Writing for a reason: IBD Pen Pals

Who says snail mail is a thing of the past? For one 10-year-old in the Chicagoland area, connecting with fellow IBD pediatric patients is helping her cope, comfort and help others as she takes on Crohn’s disease herself. emily4Meet Emily. This past February she received her chronic illness diagnosis. Even though she’s brand new to IBD life, she’s taking all the pain and all the setbacks in stride.

Her mom, Michelle, says watching her young daughter go through Crohn’s has been a punch in the gut.

“It’s overwhelming, lonely, and mentally draining for everyone involved. Her little body has been put through so much in the last few months and she just goes along with it all. I wish I could’ve done all the horrible tests and take away every ounce of her pain. My heart breaks every time she gets poked, every time she takes medicine, every time she has to do a test, or when I send her to school, knowing she feels horrible.”

Emily’s courage and compassion for others has inspired Michelle. Her Crohn’s diagnosis has spurred an interest to connect with other IBD kids. Rather than take on the disease in silence, Emily finds there is strength in numbers, a purpose for her pain. Emily penpalHer mom was able to reach out to fellow parents on Facebook about a pen pal program.

“How cool to come home from school and have a couple letters waiting for you from kids all over the country?!? Emily has already made 12 new friends with IBD from the U.S. and the U.K. I never want Emily to feel alone on this journey nor do I want any other kids to feel alone. I want Emily to see that other kids who have IBD are living a “normal” life and that she can, too! There may be days when I won’t understand what she’s going through, but her new friends will.”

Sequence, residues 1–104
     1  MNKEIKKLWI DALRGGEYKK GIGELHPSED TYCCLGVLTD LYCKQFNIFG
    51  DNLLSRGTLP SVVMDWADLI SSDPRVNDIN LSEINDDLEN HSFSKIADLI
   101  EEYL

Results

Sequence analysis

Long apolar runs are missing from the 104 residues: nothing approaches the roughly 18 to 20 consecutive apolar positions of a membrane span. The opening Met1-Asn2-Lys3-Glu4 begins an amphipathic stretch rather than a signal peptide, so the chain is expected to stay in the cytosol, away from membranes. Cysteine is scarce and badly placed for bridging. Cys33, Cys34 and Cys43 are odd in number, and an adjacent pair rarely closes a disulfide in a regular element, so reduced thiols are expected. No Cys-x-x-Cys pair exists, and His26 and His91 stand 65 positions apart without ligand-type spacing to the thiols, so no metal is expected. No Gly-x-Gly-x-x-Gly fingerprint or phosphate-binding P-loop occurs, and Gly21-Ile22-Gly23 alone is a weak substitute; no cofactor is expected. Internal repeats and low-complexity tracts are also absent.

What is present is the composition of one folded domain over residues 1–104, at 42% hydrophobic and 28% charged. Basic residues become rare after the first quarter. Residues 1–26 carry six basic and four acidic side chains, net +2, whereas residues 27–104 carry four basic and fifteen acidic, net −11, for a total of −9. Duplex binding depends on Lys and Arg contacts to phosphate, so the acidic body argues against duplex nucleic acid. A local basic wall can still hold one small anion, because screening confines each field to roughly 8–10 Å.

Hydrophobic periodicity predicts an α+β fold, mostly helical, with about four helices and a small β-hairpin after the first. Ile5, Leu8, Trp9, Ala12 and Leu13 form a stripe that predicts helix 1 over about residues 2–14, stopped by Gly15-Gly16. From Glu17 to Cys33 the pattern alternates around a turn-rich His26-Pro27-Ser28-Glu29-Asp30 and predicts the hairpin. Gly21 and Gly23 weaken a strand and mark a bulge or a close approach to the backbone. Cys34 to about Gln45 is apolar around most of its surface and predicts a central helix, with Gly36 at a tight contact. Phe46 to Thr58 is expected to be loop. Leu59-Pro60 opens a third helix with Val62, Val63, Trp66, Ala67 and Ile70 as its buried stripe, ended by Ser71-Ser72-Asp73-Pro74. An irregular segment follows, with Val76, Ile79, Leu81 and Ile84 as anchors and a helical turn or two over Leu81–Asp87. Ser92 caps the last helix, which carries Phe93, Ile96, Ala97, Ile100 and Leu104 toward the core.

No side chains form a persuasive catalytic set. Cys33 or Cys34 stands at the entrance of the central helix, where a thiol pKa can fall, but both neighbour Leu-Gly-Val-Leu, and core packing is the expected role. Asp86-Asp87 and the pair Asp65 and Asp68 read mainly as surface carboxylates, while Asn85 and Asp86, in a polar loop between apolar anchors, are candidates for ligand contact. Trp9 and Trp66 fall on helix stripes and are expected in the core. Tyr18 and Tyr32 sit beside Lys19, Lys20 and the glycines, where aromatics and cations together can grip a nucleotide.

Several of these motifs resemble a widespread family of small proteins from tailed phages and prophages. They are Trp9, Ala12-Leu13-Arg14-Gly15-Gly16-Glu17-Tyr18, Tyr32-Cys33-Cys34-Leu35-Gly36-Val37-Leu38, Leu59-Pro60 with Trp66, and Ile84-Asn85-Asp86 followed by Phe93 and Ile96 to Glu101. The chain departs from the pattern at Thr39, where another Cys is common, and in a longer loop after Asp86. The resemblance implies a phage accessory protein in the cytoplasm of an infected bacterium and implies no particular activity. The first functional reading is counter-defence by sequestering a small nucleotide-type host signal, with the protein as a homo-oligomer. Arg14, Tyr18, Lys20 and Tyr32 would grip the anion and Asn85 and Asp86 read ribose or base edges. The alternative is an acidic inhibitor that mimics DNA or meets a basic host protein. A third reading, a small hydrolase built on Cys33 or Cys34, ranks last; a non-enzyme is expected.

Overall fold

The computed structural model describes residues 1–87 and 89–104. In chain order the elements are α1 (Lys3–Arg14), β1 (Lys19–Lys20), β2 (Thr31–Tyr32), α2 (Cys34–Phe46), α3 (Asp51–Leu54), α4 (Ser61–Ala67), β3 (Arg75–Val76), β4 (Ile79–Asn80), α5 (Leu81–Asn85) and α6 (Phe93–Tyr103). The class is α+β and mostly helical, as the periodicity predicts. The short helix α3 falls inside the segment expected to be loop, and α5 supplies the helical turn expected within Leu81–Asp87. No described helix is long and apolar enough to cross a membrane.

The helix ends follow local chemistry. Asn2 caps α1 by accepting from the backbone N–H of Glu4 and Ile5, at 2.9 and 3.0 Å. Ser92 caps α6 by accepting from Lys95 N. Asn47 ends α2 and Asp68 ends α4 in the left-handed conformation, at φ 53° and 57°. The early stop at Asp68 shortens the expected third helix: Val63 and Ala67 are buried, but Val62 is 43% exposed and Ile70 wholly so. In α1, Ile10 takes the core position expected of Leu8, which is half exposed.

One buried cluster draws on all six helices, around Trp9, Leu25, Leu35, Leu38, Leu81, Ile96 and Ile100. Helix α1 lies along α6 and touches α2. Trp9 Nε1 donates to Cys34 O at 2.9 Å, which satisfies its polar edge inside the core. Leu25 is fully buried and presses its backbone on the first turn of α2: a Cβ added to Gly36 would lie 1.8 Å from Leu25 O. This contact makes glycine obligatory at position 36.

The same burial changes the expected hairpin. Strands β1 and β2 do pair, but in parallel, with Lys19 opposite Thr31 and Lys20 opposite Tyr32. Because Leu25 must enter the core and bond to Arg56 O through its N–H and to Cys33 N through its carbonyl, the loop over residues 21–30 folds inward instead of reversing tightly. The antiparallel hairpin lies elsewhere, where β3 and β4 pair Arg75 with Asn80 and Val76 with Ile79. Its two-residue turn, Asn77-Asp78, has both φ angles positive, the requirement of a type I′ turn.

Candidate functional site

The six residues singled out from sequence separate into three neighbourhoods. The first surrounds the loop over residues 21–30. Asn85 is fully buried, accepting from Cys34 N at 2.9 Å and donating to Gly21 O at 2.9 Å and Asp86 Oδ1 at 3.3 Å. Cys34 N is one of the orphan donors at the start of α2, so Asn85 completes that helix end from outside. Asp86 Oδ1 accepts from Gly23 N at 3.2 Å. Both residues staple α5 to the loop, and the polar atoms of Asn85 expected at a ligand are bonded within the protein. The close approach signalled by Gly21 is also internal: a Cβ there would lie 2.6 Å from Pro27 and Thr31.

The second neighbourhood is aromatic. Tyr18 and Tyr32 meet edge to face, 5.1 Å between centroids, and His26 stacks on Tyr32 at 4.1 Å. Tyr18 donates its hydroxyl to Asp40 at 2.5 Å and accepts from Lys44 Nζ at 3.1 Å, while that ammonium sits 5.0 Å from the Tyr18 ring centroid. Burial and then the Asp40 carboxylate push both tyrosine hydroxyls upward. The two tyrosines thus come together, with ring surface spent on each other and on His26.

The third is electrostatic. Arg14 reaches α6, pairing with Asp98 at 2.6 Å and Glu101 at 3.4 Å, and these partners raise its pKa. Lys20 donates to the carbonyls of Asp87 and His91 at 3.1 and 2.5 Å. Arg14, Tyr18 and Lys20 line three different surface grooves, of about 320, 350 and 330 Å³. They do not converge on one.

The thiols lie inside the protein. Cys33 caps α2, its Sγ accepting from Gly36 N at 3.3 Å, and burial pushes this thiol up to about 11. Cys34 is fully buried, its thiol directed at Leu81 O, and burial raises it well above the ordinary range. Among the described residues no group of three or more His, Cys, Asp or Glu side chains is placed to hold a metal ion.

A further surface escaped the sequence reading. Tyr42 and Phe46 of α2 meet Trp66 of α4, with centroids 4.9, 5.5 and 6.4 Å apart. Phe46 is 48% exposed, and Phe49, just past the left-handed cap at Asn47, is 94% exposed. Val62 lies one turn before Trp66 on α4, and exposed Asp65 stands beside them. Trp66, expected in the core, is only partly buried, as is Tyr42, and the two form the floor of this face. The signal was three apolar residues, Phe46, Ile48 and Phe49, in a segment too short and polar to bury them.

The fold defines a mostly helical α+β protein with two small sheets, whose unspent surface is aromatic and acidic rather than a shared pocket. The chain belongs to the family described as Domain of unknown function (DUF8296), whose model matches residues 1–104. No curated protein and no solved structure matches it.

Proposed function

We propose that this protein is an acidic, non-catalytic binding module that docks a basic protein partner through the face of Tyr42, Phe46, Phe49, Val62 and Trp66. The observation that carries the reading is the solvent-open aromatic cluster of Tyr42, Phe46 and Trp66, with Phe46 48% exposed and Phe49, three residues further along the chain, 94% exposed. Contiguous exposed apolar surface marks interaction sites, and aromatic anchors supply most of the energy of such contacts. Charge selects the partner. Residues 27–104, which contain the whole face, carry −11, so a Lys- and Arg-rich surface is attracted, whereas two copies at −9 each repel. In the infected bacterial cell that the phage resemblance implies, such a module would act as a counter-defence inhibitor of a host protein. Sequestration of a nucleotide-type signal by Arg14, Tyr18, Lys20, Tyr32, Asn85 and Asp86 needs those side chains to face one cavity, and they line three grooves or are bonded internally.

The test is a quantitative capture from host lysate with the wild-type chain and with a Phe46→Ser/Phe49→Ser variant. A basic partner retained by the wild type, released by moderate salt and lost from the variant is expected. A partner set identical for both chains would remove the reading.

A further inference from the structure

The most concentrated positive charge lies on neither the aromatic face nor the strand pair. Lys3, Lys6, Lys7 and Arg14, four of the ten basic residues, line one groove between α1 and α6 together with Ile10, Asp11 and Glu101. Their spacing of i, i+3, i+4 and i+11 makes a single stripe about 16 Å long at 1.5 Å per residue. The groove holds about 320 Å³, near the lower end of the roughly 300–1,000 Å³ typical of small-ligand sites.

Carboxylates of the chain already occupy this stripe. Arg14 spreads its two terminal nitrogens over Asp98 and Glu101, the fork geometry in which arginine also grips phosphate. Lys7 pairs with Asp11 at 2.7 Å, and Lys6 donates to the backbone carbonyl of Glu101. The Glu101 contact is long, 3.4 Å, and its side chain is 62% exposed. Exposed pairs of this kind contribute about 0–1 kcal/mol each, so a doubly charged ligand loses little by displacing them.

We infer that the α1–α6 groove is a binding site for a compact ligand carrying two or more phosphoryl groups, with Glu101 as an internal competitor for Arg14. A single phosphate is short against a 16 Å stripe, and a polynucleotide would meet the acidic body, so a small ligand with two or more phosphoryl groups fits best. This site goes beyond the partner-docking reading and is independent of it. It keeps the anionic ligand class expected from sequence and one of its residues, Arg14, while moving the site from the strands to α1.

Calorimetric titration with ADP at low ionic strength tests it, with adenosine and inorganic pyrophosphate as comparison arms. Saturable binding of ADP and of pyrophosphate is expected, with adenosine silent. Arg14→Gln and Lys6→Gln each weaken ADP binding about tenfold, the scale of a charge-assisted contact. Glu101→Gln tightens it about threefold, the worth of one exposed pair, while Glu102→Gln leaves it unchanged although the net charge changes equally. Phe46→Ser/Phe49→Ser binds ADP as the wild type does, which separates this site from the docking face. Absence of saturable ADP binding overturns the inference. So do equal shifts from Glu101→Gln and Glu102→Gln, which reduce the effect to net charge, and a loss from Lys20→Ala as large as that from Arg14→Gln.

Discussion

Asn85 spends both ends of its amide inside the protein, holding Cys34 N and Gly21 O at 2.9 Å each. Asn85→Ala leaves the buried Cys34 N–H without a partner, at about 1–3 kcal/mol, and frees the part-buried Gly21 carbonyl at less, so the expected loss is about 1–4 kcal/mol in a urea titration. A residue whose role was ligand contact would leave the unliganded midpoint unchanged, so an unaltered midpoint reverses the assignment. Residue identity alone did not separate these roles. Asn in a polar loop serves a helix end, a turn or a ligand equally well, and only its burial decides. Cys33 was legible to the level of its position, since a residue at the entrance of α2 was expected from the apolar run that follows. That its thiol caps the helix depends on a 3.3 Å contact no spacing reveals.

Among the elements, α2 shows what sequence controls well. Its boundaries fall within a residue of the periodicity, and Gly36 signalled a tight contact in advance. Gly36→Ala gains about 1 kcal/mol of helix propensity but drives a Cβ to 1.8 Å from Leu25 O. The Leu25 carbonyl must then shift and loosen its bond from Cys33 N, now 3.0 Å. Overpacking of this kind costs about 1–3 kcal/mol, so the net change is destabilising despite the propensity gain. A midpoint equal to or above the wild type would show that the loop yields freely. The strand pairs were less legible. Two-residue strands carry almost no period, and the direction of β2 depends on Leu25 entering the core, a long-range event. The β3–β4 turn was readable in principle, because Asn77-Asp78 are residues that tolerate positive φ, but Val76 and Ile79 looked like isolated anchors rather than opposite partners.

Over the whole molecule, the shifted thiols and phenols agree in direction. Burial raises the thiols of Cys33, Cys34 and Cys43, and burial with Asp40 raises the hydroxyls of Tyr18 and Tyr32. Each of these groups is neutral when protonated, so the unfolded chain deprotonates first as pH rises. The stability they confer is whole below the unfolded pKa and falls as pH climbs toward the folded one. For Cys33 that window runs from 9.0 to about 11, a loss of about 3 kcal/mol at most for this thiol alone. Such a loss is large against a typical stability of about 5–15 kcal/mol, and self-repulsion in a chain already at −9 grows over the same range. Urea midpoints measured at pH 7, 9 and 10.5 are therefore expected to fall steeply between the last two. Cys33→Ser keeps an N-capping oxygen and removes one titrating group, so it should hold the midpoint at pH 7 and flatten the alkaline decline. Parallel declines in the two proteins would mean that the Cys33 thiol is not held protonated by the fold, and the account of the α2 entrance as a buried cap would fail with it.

Emilyand michelleFrom a parenting perspective, the pen pal group has introduced Michelle to other mamas going through the same fears and experiences. The connections have brought her peace of mind as she navigates these new waters with her daughter.

“Emily and I are firm believers in spreading positivity and what you give out, you get back. It’s up to us to find the good in this situation and what better way than emilylettermaking new friends? Friends who understand and continually cheer you on, no matter how far they are. My hope is that Emily will make life long connections and that these letters will serve as a constant reminder that she is never alone.”

Interested in joining this pediatric pen pal group? A Facebook page is in the works. In the meantime, you can get involved by emailing Emily’s mom, Michelle: positivelyshelly@gmail.com.

When life hands you lemons: Brittany’s story of resilience while battling Crohn’s

Imagine being hospitalized with a Crohn’s disease flare. Now, close your eyes and picture yourself in Germany, surrounded by doctors and nurses who don’t speak English. Brittany7You have your husband and children, but other than that…all your family and friends are thousands of miles overseas. That was the case for my college friend, Brittany Cable. Brittany was diagnosed with Crohn’s in 2007, about a year after she had her oldest son.